You may be asking whether it is time to switch your asset accounts from Wells Fargo to another bank.
For nearly two years federal and state authorities have been investigating the bank’s business practices and have uncovered disturbing trends. The first investigation uncovered the secret creation of millions of bank and credit card accounts without their customers knowing it. Other practices include fraudulent charges imposed on auto and mortgage loan customers as well as on its wealth-management clients.
And most recently Well Fargo is refunding millions of dollars for products ranging from pet insurance to legal services added to hundreds of thousands of customer accounts without their full understanding.
To counter this parade of bad news, Wells Fargo launched a marketing campaign dubbing 2018 the year Wells Fargo was “Re-Established.” You may have seen the full-page double ad in the New York Times or Wall Street Journal.
But should you be swayed and stay with the bank or is it time to go?
What Should You Do?
These investigations uncovered the exposure of all of Wells Fargo’s customers to potentially fraudulent behavior. But should you switch to a new bank if you have a checking, savings, or brokerage account with Wells Fargo?
I hear three reasons why most clients don’t switch to a more ethical bank.
Excuse 1: Moving your accounts is too much work. Who has time?
Folks often have several asset accounts with the same bank: savings, checking, brokerage, investment accounts etc. Identifying a new bank, opening new accounts, changing your auto-debits, and closing the Wells Fargo accounts can be a stressful process. It will need your attention for several weeks, taking time away from other activities.
Although legitimate, these concerns seem trivial when considering the safety of your assets. Spending 1-2 hours over a few weeks to make sure your wealth’s safekeeping can save you from months or years of litigation between authorities and your bank as you wait for reimbursement. And in the process you can simplify your finances.
Excuse 2: I like my local branch and I haven’t been hurt.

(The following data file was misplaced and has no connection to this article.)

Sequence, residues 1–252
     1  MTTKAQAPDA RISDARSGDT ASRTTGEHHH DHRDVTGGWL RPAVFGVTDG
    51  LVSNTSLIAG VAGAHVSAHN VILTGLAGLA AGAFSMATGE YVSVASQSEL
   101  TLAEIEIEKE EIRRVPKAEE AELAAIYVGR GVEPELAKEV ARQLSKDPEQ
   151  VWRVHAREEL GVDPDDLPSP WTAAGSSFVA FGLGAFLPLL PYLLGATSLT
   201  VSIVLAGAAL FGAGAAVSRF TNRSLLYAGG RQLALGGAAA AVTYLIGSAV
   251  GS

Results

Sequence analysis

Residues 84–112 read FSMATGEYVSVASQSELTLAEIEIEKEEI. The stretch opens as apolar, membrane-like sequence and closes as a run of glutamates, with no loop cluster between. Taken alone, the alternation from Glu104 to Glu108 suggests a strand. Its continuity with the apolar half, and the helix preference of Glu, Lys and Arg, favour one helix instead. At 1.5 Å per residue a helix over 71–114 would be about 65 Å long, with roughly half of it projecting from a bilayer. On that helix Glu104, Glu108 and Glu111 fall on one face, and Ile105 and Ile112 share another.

You may have a good relationship with a Wells Fargo representative or broker. Or you think you have not been harmed by Wells Fargo’s activities. All true. But with that said, is Wells Fargo the place you want to be?
It is not like they offer superior interest on your savings or checking accounts. Local banks in the Washington area such as National Capital Bank or Navy Federal Credit Union offer higher checking, savings, and CDs rates. And there account fees are lower (or they don’t charge any).
Wells Fargo isn’t doing you any favors by giving you between 0.03% and 0.08% on your savings account! You are losing money staying with Wells Fargo because inflation is running at 2.0% so the money you have with them continually loses value.
Consider this: you shop for gas that is $.05/gallon cheaper but you won’t switch banks when you could be earning $60/month more on your $10,000 checking account balance.
Use Washington Consumer Checkbook to find superior banks in the Washington, DC metro area. And use NerdWallet for national banks and credit unions.
Your Wells Fargo brokerage account is not necessarily safe either. Wells Fargo has been internally assessing whether there have been inappropriate referrals or recommendations about rollovers for 401(k) plan and other investment services. And the bank has found instances of incorrect fees applied to certain investment accounts.
Use these tips to find a fiduciary that has your best interests at heart when evaluating your investment options.
Excuse 3: Taking your business elsewhere won’t make a difference to Wells Fargo.
Consider reframing the thought as doing what’s best for you and not whether Wells Fargo will “feel the pain” of your lost business.
Do you really want to reward a flawed corporate culture? Investigations targeted multiple areas of the bank and revealed deep-rooted values that placed profits before honesty. Unrealistic sales goals lead to decades of consumer abuses including millions of unauthorized bank and credit card account openings. The same thing happened in the home mortgage division and the investment banking divisions. It doesn’t seem to end.
A corporate culture, set by management and reinforced by employees, is not easily changed. A company’s corporate culture can be its most valuable asset, or as in Wells Fargo’s case, one of its greatest liabilities.
In sum switching banks may be a pain, but by doing so you’ll safeguard your assets, not be subject to potential abuse, earn more money, and not reward a lax corporate culture.
Note: Matthew Sikora contributed to this blog.
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